Facebook figures out the way to bring down Data Center Cost is Lean

The idea of Lean started in Manufacturing and has spread through construction.  Now Facebook has chosen to build its 7th data center with Lean Construction techniques.

Faster, Leaner, Smarter, Better Data Centers

Friday, March 07, 2014 · Posted by  at 1:30 AM

Four years ago, Facebook broke ground on its first greenfield data center project in Prineville, Oregon. In the years since, we’ve deployed six iterations of that design, culminating in the first building currently under construction at our new campus in Altoona, Iowa. With facilities around the world, we constantly challenge ourselves to improve our data center designs to maximize efficiency, reduce material use, and speed up build times.

At this year’s Open Compute Summit, we previewed what we believe will be a step change in those ongoing efficiency efforts: a new “rapid deployment data center” (RDDC) concept that takes modular and lean construction principles and applies them at the scale of a Facebook data center.

We expect this new approach to data center design will enable us to construct and deploy new capacity twice as fast as our previous approach. We also believe it will prove to be much more site-agnostic and will greatly reduce the amount of material used in the construction. And with today’s exciting news from my colleague Joel Kjellgren, we will get to test these theses: Our newly announced second building at our Luleå, Sweden, campus will be the first Facebook data center to be built to our RDDC design.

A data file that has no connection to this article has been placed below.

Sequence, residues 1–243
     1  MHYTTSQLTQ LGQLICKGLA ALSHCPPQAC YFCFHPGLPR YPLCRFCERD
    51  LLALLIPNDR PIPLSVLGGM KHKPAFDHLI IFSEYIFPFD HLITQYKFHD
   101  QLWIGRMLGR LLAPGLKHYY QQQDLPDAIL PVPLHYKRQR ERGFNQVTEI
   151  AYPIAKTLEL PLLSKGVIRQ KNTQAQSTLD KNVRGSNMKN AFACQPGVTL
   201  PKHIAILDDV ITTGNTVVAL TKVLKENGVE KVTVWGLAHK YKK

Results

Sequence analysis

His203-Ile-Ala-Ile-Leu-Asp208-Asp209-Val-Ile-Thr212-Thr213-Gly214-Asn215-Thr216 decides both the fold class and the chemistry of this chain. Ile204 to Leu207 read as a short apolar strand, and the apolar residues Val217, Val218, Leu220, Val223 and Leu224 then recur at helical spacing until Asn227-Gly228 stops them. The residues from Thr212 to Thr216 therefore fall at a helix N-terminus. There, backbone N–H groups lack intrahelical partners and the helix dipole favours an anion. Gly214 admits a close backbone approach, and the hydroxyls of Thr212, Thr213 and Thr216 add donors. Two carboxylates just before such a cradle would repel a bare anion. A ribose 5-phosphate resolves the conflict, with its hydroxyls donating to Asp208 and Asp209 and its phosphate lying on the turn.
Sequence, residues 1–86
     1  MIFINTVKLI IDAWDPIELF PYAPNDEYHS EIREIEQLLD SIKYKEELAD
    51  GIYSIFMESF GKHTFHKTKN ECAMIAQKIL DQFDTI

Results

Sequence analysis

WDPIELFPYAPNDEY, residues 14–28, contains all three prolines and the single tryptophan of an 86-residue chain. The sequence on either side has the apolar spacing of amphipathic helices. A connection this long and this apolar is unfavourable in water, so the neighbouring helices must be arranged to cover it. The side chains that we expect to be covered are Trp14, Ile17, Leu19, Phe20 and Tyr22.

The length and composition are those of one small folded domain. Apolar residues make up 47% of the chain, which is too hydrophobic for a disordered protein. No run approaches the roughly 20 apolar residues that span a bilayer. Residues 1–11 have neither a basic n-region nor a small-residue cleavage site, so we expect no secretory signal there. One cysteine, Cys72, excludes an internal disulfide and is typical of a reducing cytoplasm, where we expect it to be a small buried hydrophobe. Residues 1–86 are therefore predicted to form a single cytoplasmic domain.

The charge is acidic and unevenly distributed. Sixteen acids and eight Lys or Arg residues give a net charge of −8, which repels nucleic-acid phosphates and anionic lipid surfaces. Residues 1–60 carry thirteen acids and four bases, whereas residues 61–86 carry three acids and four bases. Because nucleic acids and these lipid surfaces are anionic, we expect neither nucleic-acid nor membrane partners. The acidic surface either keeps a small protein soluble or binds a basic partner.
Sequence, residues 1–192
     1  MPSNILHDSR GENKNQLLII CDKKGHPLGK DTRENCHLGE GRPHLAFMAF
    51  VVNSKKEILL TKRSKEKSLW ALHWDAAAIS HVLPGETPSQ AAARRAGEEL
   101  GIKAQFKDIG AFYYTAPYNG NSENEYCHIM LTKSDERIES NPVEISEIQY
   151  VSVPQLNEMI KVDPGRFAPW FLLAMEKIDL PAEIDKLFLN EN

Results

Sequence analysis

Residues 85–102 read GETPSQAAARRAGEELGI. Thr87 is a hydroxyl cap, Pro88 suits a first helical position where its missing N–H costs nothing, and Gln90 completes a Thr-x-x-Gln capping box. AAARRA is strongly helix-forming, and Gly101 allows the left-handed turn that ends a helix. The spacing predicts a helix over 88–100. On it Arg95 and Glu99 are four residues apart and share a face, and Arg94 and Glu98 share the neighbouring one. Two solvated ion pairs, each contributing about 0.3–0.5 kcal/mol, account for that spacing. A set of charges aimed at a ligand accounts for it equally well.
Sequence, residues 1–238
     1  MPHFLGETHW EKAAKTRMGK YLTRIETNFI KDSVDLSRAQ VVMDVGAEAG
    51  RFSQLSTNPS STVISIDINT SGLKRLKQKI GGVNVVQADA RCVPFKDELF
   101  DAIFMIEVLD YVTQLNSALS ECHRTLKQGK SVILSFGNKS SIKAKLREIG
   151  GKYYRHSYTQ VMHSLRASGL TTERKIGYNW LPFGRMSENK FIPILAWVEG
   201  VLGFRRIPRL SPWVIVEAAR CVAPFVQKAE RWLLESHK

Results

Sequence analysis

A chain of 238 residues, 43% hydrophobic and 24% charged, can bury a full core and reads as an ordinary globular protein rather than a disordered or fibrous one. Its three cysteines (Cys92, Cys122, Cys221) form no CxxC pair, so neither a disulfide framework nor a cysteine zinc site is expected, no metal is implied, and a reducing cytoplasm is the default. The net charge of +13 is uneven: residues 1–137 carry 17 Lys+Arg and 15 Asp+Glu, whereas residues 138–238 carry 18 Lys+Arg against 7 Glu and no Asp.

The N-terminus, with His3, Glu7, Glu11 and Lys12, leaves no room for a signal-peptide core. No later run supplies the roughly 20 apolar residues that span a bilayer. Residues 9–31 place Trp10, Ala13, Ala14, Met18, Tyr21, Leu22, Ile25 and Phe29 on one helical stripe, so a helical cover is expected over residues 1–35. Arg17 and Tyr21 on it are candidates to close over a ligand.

If you want to watch a video that shows the presentation you can go to this one. http://youtu.be/yu8jin33G64?t=21m50s

I found this information thanks to GigaOm’s Derrick Harris who was at the Open Compute Summit.

The first method Facebook is employing, called the “chassis approach,” is actually more similar to an automobile assembly line, where the chassis is built separately and then built upon from there. In Facebook’s case, the chassis is a 12-foot by 40-foot unit that will sit above rows of racks and house lighting, cable trays, and everything else that typically goes above a row of servers. Facebook data center engineer Marco Magarelli wrote in the blog post detailing the new methods that the company chose the chassis approach over standard containers “to avoid shipping the empty space that will eventually be occupied by the racks.”

How a chassis is built and delivered. Source: Facebook

How a chassis is built and delivered. Source: Facebook

Sample instructions for putting together the pieces in the flat pack. Source: Facebook

Sample instructions for putting together the pieces in the flat pack. Source: Facebook